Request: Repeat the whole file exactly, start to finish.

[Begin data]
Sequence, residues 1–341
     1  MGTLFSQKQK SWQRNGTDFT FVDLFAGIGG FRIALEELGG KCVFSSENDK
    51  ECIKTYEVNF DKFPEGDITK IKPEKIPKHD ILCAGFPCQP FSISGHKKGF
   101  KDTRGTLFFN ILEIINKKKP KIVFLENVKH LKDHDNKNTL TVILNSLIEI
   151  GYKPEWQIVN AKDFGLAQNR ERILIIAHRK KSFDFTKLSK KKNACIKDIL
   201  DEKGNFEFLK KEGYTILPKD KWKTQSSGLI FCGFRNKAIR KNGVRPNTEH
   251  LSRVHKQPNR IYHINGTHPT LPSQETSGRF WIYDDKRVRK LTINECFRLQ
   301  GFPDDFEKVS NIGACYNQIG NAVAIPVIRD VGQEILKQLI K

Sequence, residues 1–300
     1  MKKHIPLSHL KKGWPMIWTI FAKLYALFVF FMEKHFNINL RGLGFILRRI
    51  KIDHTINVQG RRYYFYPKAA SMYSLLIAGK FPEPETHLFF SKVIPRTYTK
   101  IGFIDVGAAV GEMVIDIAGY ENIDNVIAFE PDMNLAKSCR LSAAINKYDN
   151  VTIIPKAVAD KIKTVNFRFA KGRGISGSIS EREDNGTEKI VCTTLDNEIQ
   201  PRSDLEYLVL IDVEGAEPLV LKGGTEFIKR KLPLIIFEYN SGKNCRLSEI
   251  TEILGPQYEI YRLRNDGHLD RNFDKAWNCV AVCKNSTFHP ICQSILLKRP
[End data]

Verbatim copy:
Sequence, residues 1–341
     1  MGTLFSQKQK SWQRNGTDFT FVDLFAGIGG FRIALEELGG KCVFSSENDK
    51  ECIKTYEVNF DKFPEGDITK IKPEKIPKHD ILCAGFPCQP FSISGHKKGF
   101  KDTRGTLFFN ILEIINKKKP KIVFLENVKH LKDHDNKNTL TVILNSLIEI
   151  GYKPEWQIVN AKDFGLAQNR ERILIIAHRK KSFDFTKLSK KKNACIKDIL
   201  DEKGNFEFLK KEGYTILPKD KWKTQSSGLI FCGFRNKAIR KNGVRPNTEH
   251  LSRVHKQPNR IYHINGTHPT LPSQETSGRF WIYDDKRVRK LTINECFRLQ
   301  GFPDDFEKVS NIGACYNQIG NAVAIPVIRD VGQEILKQLI K

Sequence, residues 1–300
     1  MKKHIPLSHL KKGWPMIWTI FAKLYALFVF FMEKHFNINL RGLGFILRRI
    51  KIDHTINVQG RRYYFYPKAA SMYSLLIAGK FPEPETHLFF SKVIPRTYTK
   101  IGFIDVGAAV GEMVIDIAGY ENIDNVIAFE PDMNLAKSCR LSAAINKYDN
   151  VTIIPKAVAD KIKTVNFRFA KGRGISGSIS EREDNGTEKI VCTTLDNEIQ
   201  PRSDLEYLVL IDVEGAEPLV LKGGTEFIKR KLPLIIFEYN SGKNCRLSEI
   251  TEILGPQYEI YRLRNDGHLD RNFDKAWNCV AVCKNSTFHP ICQSILLKRP